Move to downtown Tampa makes a lot of sense for Museum of Science and Industry, study finds
TAMPA — A move to downtown Tampa would bring more people and revenue and a fresh start to the city’s struggling Museum of Science Industry.
That’s the conclusion of a long-awaited consultant feasibility study released Friday, which also said relocating MOSI from it’s Fowler Avenue location could also allow the museum to downsize to a more manageable and flexible footprint.
“MOSI has a rare opportunity to reinvent and rebrand itself as a 21st century museum of science, industry and technology concurrent with a move to downtown Tampa,” a report written by two consultant groups, Museum Management Consultants, Inc. and ConsultEcon, said.
More specifically, the consultant group looked at the prospect of joining the development spearheaded by Tampa Bay Lightning owner Jeff Vinik.
Vinik first raised the specter of relocating the museum a year ago.
A move still faces a number of hurdles before it would ever come to fruition. It would need approval by the museum’s board of directors. Some on the board have privately expressed reservations about leaving MOSI’s longtime home near University of South Florida.
“While there’s no specific timetable in place, we are fully committed to making the right decisions for MOSI and our community as we move toward next steps,” said MOSI Board Chair Mike Schultz, also the president and CEO of Florida Hospital West Florida Region.
It would also need approval from Hillsborough County, which owns the land around MOSI. County Administrator Mike Merrill, though, has said he would like that property to generate taxes for the county and that a move to Vinik’s development is a rare opportunity that likely won’t come again.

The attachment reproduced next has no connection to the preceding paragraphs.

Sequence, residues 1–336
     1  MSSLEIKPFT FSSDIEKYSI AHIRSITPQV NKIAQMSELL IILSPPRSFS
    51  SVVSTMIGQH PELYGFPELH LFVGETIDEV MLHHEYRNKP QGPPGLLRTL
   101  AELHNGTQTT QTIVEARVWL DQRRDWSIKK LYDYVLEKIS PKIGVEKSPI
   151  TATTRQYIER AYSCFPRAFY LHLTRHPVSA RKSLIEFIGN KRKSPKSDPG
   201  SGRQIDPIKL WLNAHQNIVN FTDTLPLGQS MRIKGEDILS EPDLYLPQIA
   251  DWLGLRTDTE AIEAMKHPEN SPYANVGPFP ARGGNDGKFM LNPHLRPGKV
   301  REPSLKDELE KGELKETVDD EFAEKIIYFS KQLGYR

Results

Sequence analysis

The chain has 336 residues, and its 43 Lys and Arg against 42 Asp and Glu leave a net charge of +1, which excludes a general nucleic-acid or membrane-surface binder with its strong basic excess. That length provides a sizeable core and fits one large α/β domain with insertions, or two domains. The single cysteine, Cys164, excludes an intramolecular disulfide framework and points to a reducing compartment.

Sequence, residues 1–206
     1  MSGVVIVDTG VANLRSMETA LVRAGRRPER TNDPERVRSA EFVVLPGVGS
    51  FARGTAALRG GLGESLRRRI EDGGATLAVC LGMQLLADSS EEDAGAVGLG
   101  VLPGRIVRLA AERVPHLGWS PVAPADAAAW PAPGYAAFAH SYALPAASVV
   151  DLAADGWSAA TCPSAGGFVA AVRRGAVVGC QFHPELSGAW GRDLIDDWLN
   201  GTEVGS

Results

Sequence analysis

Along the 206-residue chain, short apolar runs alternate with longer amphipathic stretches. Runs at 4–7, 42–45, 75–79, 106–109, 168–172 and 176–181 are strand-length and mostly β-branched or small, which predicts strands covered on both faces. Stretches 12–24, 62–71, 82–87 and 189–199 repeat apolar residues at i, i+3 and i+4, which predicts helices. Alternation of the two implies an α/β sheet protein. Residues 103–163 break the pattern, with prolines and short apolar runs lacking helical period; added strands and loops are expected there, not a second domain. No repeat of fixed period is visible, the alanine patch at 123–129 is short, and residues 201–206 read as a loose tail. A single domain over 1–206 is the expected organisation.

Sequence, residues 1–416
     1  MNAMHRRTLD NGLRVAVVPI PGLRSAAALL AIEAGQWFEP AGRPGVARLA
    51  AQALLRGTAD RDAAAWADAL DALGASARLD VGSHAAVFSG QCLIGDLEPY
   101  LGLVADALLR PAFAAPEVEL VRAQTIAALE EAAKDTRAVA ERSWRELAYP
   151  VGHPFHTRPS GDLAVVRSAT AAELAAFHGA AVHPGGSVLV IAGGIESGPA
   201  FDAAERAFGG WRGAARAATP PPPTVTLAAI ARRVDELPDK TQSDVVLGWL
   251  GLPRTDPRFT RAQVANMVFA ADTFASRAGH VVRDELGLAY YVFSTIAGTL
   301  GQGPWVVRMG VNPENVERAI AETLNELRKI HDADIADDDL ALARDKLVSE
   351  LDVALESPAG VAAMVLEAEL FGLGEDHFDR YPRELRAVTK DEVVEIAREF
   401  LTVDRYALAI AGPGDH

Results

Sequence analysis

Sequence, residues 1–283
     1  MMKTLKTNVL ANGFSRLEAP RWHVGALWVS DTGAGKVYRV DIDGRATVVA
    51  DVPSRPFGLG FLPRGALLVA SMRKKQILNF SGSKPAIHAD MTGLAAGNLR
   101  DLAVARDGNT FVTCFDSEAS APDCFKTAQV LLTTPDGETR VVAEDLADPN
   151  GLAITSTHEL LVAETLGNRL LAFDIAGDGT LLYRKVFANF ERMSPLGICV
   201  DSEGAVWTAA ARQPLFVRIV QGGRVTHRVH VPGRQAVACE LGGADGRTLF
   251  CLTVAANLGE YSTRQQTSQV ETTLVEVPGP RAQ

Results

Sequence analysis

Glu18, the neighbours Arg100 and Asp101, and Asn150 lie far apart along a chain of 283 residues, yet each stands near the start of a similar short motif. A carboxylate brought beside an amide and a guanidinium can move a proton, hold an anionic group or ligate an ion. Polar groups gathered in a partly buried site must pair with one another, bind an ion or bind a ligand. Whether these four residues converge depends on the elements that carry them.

The county has helped prop up the museum during its recent financial struggles. MOSI has operated at a deficit for several years and has cash-flow issues and significant debt. It’s also a struggle to maintain the museum’s existing sprawling, spacious campus.
Moving would allow the museum to restart with a more financially sustainable operation, and a significant private fundraising campaign plus some public contribution could allow it to open debt free.
While the report did not make a recommendation, it was clear that a move, done right, would be a boon to the museum.
“This study is the first step in looking at the future of MOSI – not just where it will be located, but how it will become a powerhouse in our region’s education ecosystem,” said MOSI President and CEO Molly Demeulenaere. “MOSI’s broader plan is to serve as a pillar of prosperity in Tampa Bay by driving real-world learning and fostering life-long wonder.”